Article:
Wednesday, August 16, 2006

Sttttreeeeetttttccccchhhhhhhh...

Ahh, sweet blissful laziness. (And how sad it is that I consider sleeping in until 8 and lazily putzing around on the computator and drinking coffee for an hour to be sweet, blissful laziness these days.)

The original plan was to move all of the big stuff this Saturday (the 19th), so I requested the next three days off, in order to rush around, helter-skelter-like, trying to get everything done. But we're renting our current house to my brother-in-law and he doesn't have to move out of his current house until the end of the month, so we threw in the towel yesterday and said screw it, let's just move next Saturday (the 26th). Which not only buys me much time, but leaves me off the next three days. Still much, much work to do, but I don't have to rush around like a headless monkey to get it all done, and can even, gasp, play some of this poker game that all the kids are talking about.

Finally got to see the latest High Stakes Poker episode, which was pretty boring except for the Gus/Negreanu hand, and the hand where Doyle flopped a set of kings versus Negreanu's mighty pair of 2s. Kind of hard to put Gus on as strong of a hand as he had, so that one goes into the "what can you do, that's poker" bin, but the Doyle hand had me scratching my head.

I realize that the gods of poker shall descend upon me and smite me mightily for saying this, but I thought Doyle butchered that one pretty badly by playing it so fast, especially when he filled up on the turn. He lumps a ton of money out there, Daniel folds, and Doyle comments that he was hoping that Daniel had turned trip 6s, etc. Umm, okay, but why in the world wouldn't you just slowplay there and check to him? If he did in fact have trip 6s he'd lump a lot of money in there when checked to, and more than likely take a shot at it even if he didn't when you showed weakness and checked the turn (which I assume was his plan when he called on the flop with just bottom pair, crappy kicker, as far as taking a stab at it on the turn if Doyle showed weakness). I can't see that you gain anything by betting out big on the turn, as a ton of money is going in regardless if he has trip 6s, but he folds pretty much anything else to a big bet there. But then again, Doyle has forgotten more than I'll ever know about poker, so I should shut my dang ol' mouth.

It's also interesting reading about the assorted fallout from the suit by Raymer et al regarding the WPT stuff. I can definitely understand the upsetedness expressed from the poker players' side of the issue, and I definitely agree that the rights given up to play in a televised WPT event are pretty substantial. But in the end I can't help but think: "Yes, indeed, but so what? Everyone likes eating cake, as well as possessing cake, but things don't always work that way."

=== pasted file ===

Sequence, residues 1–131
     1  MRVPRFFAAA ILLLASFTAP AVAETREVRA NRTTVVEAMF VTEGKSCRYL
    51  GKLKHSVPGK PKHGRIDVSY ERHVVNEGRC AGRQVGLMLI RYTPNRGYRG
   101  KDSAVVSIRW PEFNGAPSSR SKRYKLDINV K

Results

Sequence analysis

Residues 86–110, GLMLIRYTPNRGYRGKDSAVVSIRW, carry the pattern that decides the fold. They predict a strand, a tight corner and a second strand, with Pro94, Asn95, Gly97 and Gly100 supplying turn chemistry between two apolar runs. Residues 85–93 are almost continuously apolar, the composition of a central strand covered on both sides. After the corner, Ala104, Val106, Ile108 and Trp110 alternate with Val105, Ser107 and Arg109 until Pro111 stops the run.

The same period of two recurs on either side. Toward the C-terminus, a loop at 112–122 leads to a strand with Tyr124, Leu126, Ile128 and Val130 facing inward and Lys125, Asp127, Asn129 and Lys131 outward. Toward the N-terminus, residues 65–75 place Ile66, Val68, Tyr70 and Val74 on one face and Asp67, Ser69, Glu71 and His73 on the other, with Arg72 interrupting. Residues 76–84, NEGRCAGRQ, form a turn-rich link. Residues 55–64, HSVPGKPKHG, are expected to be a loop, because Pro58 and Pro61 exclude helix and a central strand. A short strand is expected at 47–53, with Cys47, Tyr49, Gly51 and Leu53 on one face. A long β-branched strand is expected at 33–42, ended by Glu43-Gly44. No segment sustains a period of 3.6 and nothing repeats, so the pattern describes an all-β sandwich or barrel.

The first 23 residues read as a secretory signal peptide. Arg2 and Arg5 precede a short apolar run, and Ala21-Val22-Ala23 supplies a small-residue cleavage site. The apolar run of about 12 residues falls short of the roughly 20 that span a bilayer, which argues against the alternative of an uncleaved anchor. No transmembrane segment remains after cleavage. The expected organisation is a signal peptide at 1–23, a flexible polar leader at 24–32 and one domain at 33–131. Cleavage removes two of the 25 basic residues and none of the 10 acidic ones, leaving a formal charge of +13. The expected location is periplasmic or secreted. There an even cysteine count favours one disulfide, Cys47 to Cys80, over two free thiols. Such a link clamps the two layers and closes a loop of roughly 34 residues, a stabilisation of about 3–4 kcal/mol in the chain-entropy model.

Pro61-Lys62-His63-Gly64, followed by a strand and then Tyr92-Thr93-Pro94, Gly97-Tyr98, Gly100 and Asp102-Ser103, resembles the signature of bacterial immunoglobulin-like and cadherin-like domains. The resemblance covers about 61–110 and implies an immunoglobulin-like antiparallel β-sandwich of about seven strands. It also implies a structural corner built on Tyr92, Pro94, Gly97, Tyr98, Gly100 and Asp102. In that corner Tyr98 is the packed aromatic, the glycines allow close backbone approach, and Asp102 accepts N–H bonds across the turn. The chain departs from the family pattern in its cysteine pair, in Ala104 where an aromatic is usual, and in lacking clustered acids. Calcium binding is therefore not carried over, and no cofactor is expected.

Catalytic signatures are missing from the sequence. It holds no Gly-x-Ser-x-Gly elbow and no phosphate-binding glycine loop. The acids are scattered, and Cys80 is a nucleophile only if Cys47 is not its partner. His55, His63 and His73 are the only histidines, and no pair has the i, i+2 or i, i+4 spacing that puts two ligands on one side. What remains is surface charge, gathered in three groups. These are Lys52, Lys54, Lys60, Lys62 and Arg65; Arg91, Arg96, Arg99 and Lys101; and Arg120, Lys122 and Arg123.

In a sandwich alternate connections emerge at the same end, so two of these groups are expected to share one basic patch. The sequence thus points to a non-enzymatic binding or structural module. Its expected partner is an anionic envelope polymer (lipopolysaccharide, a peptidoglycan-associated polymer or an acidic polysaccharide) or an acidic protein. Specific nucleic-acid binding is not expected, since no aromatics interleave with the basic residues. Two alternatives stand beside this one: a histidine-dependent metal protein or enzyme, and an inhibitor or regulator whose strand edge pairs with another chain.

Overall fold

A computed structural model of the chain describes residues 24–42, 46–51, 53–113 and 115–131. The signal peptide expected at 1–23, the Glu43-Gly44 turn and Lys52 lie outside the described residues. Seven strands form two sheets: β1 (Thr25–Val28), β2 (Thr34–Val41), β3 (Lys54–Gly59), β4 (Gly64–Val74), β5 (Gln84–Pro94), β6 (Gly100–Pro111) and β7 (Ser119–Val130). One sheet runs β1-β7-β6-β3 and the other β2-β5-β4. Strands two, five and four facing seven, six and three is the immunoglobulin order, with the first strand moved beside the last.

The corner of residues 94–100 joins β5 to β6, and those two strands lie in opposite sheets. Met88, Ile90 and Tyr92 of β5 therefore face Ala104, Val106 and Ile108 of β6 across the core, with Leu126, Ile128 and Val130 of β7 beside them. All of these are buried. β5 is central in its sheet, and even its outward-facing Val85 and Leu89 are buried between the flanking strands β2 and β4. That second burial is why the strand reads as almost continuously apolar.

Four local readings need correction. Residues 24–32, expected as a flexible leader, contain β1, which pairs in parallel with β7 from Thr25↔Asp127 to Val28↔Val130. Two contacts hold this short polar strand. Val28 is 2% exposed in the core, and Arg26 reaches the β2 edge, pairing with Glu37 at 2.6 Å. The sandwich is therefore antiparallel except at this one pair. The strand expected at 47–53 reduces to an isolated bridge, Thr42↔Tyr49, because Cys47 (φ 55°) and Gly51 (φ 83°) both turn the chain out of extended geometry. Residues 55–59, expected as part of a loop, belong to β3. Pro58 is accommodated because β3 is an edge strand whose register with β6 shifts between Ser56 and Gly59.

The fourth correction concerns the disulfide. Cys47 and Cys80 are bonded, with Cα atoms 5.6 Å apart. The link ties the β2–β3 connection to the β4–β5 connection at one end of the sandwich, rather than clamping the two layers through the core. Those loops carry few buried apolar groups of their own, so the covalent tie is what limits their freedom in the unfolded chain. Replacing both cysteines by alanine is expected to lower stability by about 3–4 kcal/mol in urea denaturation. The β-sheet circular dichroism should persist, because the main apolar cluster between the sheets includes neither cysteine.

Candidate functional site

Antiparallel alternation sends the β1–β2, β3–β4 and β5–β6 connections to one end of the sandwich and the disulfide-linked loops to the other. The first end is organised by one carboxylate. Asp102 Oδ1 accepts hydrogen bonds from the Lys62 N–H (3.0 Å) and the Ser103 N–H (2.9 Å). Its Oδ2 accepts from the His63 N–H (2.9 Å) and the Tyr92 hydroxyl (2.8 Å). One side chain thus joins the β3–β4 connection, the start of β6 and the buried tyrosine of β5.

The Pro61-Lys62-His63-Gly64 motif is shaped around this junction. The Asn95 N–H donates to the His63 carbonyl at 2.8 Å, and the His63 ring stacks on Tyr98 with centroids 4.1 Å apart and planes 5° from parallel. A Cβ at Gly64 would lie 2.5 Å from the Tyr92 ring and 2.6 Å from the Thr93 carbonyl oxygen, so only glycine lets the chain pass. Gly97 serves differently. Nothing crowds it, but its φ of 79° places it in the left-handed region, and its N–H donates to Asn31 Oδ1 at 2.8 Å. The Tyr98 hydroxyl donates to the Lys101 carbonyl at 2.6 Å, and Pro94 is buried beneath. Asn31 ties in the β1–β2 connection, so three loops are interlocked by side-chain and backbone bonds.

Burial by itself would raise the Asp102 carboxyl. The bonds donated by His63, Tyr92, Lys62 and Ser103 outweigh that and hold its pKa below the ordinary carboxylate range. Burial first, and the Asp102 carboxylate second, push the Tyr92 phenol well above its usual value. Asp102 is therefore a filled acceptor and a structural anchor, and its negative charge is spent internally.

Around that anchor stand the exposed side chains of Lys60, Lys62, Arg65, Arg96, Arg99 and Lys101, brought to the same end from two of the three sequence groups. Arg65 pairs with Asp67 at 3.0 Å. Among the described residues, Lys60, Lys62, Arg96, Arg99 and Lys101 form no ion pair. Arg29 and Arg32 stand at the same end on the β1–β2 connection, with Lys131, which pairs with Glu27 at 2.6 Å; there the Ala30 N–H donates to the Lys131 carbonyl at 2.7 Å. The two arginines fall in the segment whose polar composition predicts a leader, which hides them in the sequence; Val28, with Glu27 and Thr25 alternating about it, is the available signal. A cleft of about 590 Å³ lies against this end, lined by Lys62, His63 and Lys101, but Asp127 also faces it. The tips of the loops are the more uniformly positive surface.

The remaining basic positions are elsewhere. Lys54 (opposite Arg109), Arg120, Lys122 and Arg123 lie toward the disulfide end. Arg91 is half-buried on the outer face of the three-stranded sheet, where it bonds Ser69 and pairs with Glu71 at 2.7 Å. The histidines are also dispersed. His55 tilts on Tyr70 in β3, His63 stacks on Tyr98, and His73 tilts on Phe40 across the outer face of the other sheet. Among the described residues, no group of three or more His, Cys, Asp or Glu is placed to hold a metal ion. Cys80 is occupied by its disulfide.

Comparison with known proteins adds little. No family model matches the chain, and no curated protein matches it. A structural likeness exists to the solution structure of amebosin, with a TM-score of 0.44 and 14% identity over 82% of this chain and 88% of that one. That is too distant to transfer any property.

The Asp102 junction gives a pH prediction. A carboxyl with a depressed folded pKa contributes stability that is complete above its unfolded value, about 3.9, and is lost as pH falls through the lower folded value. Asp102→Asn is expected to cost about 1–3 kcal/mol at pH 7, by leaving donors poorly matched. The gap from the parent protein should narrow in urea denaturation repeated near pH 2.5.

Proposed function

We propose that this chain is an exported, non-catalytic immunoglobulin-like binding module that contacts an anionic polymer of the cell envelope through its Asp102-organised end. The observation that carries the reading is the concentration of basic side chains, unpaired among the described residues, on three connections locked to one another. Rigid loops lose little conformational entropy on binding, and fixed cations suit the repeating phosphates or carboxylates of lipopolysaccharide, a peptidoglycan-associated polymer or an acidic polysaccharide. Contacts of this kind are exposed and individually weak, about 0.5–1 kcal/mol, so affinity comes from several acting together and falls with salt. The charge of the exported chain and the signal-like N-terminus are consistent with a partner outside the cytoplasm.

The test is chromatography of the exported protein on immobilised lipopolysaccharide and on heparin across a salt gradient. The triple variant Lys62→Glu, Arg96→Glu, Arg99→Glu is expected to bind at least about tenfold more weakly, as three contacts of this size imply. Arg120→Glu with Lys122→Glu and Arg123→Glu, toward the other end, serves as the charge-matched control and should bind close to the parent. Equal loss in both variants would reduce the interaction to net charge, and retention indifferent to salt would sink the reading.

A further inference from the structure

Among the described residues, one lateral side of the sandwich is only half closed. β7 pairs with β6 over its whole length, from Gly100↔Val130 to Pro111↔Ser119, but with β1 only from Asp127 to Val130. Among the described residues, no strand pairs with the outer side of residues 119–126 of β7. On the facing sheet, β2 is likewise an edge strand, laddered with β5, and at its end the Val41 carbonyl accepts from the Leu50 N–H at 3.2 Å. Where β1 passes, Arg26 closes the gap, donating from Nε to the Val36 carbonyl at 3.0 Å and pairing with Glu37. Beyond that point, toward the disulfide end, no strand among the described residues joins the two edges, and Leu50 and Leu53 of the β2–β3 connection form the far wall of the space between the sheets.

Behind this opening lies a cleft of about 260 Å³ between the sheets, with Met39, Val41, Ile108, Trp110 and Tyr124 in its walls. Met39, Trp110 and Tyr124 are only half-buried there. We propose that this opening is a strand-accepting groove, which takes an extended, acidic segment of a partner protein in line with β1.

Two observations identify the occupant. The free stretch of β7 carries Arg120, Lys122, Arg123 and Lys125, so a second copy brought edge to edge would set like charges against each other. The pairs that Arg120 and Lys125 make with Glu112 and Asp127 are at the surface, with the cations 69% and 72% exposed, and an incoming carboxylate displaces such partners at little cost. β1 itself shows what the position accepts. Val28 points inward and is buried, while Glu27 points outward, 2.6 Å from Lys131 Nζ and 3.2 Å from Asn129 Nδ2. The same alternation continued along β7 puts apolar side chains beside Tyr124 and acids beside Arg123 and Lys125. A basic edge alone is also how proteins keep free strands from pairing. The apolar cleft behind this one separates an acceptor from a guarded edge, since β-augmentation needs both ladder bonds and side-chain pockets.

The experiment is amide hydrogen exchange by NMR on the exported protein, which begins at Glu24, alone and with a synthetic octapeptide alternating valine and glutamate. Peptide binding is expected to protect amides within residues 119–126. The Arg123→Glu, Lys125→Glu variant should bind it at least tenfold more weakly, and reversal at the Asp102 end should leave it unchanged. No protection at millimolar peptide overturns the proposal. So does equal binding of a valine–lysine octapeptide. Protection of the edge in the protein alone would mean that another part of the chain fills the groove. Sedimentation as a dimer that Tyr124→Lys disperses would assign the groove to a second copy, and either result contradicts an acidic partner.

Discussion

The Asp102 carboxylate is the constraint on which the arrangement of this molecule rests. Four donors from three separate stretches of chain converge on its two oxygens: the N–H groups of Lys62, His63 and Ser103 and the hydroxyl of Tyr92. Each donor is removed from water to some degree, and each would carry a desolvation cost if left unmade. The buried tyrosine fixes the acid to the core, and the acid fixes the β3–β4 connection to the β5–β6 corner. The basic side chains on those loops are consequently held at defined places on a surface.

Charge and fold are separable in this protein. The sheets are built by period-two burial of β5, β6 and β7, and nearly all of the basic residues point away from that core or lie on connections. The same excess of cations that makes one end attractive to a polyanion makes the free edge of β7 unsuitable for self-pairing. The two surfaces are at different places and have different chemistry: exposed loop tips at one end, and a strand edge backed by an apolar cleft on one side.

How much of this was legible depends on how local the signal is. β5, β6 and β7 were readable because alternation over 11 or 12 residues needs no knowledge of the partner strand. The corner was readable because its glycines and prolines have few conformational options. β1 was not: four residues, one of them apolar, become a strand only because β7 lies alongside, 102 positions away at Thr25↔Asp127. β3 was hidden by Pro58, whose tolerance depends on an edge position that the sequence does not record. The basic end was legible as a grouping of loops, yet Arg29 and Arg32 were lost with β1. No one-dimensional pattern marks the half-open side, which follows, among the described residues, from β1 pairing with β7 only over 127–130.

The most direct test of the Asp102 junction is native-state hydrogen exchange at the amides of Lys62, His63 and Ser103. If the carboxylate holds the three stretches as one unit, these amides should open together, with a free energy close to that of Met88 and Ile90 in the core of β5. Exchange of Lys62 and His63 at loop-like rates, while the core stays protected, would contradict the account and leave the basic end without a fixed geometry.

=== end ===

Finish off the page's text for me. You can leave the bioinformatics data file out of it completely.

The WPT is running a business, like any other. They get away with what they can get away with, trying to make as much money as possible. Yeah, they're pretty much the main game in town, if you want to play in big buy-in, televised poker events, but they're not the only game in town. (There's that whole WSOP thing, remember, and all the WSOP circuit events.)

But let's pretend that the were indeed the only game in town, and that to play in a big buy-in, televised pooker tournament you absolutely had to play in a WPT event, and you absolutely had to sign away all sorts of rights to your likeness and image to do so. Okay. That's the universe we're existing in.

Do you really think that you are endowed with some natural, inalienable right, to play in big buy-in televised poker tournaments without signing away those rights? Really? Why should you be? I haven't checked lately, but I doubt that the Constitution or Bill of Rights addresses your rights in regards to televised poker tournaments, but I'm going to go out on a limb and say no, that it's not a basic right that you should expect. Does it suck, from the perspective of the player? Sure, but that's the price of admission, just that it sucks that you employer can monitor your telephone calls at work, or your e-mails. No one is forcing you to buy into a WPT event. If you feel that you can profit more from completely control the usage of your likeness and image, don't play in a WPT event.

2 comments:

tiltpirate said...

insightful post about the WPT, and funny one about life, miss the food in Texas.

You are correct and that really is the direction that this lawsuit thing is going to go after the greedy bloodsucking lawyers (sorry highonpoker, get rich) If you don't want to sign away the rights....Don't play.

Drizztdj said...

... use of your image FOREVER.

If read the complaint right, this is a big part of the lawsuit.